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How Doctors Can Ensure Financial Advisers Have the Right Credentials


It is shameful that there is no regulation on who can be called a financial adviser. Luckily, there are some credentials to look for that suggest a strong background.

In the medical world, we insist on a basic level of education and training before allowing someone to be called a physician. 

Guess what! Any of you could be hired by a brokerage house tomorrow and put "financial adviser" on your business card the same day. Or, you could call yourself a "financial planner" or a "wealth manager." Knock yourself out.

It is shameful that there is no regulation on who can be called an adviser in the financial world. Luckily, there are some credentials that suggest at least a basic amount of initial training. Let's review them now.

The certification in financial planning requires a bachelor's degree, a year or two of dedicated study, successfully passing a difficult examination, and a full three years of planning experience. Adherence to a code of ethics and continuing education is required and monitored by the CFP board. Interestingly, a few years ago the CFP board began pushing for a fiduciary standard for all CFPs. At that point, brokerage houses began telling their stockbrokers to stop promoting the certification (if they had it). The CFP(TM) certification is rapidly becoming the standard of the profession. In this day and age, I'd think twice about using a planner that does not have this certification.

The chartered financial consultant (ChFC) has similar educational requirements to the CFP(TM) certification, but is not very prevalent anymore. The ChFC also has a close relationship to the insurance industry. Take that as a warning.

The certified public accountant is a certification with high standards and ability to perform accounting and tax procedures and provide advice. The American Institute of Certified Public Accountants has added a course of training to result in the "Personal Financial Specialist" certification to add financial planning training and skills. The designation carries the assurance of rigorous education and testing. An individual with CPA/PFS credentials is well qualified to be a financial planner. However, be aware that some have crossed over to the dark side of commissions and are not fiduciaries. Make sure to ask.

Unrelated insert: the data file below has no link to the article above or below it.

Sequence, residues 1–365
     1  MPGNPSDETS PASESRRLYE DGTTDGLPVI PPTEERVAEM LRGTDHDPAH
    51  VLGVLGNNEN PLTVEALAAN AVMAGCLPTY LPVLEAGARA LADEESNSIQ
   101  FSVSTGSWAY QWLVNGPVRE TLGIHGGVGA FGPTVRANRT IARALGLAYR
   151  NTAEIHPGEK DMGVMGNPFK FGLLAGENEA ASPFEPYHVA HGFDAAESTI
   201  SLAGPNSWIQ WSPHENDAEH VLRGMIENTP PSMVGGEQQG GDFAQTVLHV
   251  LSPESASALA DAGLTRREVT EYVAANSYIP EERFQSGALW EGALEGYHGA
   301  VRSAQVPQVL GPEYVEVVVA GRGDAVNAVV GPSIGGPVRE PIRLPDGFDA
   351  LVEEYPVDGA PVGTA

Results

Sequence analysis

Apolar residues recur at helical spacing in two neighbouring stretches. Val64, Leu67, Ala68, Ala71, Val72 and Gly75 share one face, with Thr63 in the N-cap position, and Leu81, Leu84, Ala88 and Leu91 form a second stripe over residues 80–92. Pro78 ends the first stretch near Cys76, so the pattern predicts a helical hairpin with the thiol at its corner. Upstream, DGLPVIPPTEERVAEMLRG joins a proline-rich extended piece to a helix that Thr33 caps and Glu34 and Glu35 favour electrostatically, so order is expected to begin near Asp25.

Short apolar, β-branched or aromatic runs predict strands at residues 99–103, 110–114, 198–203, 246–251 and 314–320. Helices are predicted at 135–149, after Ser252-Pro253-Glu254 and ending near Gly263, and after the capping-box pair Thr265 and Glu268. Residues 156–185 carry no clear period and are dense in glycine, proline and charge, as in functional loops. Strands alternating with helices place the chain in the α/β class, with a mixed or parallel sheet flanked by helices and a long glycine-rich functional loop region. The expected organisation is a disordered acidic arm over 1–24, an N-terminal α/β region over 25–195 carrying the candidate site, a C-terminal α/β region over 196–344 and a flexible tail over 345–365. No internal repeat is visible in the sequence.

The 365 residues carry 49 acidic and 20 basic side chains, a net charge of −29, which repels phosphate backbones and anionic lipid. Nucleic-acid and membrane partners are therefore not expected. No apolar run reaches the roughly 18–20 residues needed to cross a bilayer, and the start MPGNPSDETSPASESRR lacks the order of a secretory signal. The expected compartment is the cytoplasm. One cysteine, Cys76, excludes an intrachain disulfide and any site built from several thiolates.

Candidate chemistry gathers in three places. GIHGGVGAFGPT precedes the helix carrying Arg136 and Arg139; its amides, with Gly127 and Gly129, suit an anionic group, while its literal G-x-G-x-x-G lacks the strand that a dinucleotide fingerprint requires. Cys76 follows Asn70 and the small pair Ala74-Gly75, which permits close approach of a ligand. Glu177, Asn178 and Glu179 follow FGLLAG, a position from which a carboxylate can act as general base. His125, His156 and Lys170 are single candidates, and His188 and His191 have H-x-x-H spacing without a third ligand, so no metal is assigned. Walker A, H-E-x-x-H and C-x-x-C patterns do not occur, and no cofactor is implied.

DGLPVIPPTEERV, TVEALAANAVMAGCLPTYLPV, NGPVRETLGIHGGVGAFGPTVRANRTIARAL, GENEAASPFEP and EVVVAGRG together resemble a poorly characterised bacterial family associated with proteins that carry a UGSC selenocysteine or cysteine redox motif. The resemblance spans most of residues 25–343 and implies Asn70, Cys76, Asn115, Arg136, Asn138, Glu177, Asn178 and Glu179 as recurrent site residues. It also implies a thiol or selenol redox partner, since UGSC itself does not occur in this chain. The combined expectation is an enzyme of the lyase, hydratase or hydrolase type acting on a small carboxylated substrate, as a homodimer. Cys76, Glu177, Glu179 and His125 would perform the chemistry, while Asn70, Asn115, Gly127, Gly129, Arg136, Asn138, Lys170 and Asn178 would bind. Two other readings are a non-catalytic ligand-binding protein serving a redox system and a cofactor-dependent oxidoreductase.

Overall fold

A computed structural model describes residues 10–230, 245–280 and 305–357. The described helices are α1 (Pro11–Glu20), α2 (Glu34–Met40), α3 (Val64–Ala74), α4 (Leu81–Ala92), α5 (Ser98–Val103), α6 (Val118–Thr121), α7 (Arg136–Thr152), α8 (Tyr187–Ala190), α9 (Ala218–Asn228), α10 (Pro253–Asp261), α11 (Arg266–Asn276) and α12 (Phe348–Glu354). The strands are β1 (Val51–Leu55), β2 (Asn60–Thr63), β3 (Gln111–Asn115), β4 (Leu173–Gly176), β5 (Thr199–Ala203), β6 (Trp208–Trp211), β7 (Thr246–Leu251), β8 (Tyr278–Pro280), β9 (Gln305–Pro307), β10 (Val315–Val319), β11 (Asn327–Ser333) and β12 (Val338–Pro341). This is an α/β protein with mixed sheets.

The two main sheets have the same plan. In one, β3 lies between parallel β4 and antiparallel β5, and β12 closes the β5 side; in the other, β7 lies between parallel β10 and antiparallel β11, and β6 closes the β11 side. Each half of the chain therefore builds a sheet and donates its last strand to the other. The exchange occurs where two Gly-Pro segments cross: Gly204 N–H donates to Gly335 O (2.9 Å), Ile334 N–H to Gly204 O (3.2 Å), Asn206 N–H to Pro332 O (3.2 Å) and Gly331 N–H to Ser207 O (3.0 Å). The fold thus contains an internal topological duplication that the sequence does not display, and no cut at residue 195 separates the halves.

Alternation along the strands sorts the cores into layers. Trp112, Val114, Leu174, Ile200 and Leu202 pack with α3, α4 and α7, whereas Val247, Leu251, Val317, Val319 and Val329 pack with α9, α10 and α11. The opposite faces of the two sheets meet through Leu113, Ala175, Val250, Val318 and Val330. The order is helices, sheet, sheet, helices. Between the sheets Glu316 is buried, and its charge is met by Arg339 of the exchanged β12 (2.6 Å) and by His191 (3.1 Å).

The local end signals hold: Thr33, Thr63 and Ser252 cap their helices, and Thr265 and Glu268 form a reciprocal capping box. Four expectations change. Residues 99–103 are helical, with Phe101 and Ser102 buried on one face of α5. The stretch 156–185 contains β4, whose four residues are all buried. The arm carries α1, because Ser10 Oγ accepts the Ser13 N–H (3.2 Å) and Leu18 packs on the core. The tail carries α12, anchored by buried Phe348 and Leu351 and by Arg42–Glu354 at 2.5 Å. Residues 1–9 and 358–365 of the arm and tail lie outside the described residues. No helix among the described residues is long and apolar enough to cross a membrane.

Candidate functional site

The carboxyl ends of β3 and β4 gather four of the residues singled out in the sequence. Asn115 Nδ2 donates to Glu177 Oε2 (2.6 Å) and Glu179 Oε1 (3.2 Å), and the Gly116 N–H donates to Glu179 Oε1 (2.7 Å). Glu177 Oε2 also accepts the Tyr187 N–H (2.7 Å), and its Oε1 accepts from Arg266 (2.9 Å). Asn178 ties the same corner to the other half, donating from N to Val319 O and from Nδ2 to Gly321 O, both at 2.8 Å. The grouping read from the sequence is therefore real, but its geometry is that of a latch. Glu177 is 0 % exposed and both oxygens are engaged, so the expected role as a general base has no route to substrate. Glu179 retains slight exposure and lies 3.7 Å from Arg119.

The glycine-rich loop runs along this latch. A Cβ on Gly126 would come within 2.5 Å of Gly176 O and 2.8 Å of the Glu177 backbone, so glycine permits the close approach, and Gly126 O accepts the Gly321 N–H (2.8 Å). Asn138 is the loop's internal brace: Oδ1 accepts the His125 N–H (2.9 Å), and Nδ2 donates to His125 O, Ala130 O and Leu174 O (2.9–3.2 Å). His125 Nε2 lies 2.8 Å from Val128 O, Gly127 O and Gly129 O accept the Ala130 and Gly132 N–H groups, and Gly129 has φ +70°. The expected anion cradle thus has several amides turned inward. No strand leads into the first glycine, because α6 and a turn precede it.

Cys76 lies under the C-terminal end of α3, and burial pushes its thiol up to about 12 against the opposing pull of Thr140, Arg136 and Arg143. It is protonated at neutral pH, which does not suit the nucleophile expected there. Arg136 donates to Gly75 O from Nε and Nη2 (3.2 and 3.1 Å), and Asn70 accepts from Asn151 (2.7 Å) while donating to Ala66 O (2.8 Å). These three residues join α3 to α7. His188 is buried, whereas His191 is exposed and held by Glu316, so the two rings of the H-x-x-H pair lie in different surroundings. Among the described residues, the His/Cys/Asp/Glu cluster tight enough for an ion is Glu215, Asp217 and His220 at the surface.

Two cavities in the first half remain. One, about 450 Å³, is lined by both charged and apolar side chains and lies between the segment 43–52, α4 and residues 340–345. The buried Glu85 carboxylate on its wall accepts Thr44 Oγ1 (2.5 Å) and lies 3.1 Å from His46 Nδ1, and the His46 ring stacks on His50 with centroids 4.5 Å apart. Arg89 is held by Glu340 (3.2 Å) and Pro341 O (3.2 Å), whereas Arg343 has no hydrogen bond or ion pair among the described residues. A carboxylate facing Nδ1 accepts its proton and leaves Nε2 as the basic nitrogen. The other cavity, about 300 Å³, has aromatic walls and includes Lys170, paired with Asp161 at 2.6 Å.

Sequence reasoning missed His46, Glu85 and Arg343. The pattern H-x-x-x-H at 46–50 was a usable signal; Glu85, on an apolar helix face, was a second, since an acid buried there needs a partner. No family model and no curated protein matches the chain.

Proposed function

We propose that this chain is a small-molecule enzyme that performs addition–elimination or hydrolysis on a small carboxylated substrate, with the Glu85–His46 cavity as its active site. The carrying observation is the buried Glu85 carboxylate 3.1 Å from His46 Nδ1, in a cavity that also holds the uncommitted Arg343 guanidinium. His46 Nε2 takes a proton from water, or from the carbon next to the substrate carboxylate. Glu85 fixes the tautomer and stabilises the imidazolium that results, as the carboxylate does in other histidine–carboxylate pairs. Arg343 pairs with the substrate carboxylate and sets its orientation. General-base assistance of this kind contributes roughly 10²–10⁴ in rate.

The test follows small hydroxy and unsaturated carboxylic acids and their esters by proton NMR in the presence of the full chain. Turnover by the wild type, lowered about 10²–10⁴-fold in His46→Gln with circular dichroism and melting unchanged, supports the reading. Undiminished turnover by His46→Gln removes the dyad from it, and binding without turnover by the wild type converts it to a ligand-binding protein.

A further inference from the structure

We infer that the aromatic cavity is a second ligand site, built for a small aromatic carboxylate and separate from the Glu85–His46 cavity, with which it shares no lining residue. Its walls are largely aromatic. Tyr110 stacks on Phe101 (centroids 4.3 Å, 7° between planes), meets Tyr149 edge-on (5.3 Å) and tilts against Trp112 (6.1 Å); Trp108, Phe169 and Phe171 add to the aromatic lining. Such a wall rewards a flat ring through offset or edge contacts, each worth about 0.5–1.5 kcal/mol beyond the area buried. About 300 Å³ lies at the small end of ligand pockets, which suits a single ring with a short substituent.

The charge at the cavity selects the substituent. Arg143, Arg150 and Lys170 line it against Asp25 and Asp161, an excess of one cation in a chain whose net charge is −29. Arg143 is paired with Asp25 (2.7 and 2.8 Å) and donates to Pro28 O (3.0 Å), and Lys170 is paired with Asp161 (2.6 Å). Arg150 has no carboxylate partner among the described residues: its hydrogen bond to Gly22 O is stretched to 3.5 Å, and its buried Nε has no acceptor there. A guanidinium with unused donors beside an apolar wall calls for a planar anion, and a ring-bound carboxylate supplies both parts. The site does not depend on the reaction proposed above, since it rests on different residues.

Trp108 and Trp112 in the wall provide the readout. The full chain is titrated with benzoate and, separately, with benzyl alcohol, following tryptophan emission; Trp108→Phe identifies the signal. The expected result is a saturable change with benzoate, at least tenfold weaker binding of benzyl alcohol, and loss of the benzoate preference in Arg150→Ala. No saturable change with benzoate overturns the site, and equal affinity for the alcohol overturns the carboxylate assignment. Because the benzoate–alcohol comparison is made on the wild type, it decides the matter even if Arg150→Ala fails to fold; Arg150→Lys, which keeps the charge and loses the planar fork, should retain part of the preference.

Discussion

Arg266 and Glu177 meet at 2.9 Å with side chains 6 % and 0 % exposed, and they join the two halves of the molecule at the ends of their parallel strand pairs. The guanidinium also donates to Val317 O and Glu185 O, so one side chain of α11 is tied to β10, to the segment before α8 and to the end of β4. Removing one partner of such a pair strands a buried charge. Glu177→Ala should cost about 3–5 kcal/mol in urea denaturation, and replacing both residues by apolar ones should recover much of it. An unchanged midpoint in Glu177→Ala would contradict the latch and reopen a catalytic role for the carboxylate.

This represents a program designed to add some expertise in investment management. It is not a holistic education on financial planning. You will often see the CIMA degree associated with one of the other degrees above if the person is a planner and not just an investment consultant.

The chartered financial analyst has training to make investments. It is a vigorous and difficult education with hard testing. There is little to no training in any of the other general aspects of financial planning or advice. You may see a CFA operating in a firm as a portfolio manager, but you will almost never see individuals with the CFA certification holding themselves out to be financial planners.

The chartered life underwriter is pure insurance training. These individuals do not spend any significant time on financial planning. A person with only CLU training is likely to see life insurance as a solution to most financial issues.

An individual with this graduate degree has training for business issues with no particular emphasis on the various aspects of investment planning or general financial planning. Having an MBA may add some skills, but is not enough of an educational background to be a good financial adviser.

This designation appears on business cards and on other signs for investment and planning firms. It is a registration and not a form or training, competence, ethics, or certification. It means "Registered Investment Adviser" and certifies that the firm and its planners are registered with either the state or the Securities and Exchange Commission. All fee-only advisers either own or work for an R.I.A., but these organizations can also accept commissions. Technically, an R.I.A. is supposed to be a fiduciary, but many brokerage houses have muddied the waters by allowing employees to follow less than fiduciary standards. What you want for fiduciary financial advice is a fee-only financial planner (who is usually the owner of an R.I.A. or works for an R.I.A.). If you have a stockbroker or insurance agent as an "adviser," you may pay dearly.

Again, a well-trained financial planner will have a CFP or a CPA/PFS certification. Accept no less.

If someone other than you is compensating the "planner," the planner will have many conflicts of interest to overcome. Sure, there are ethical planners that take commissions, but you are stacking the deck against you searching for them.

Before selecting a planner, read the firm's ADV, as this document discloses a great deal of information to the regulators. What you find in the ADV might help you determine if that firm and planner are the right fit for you. 

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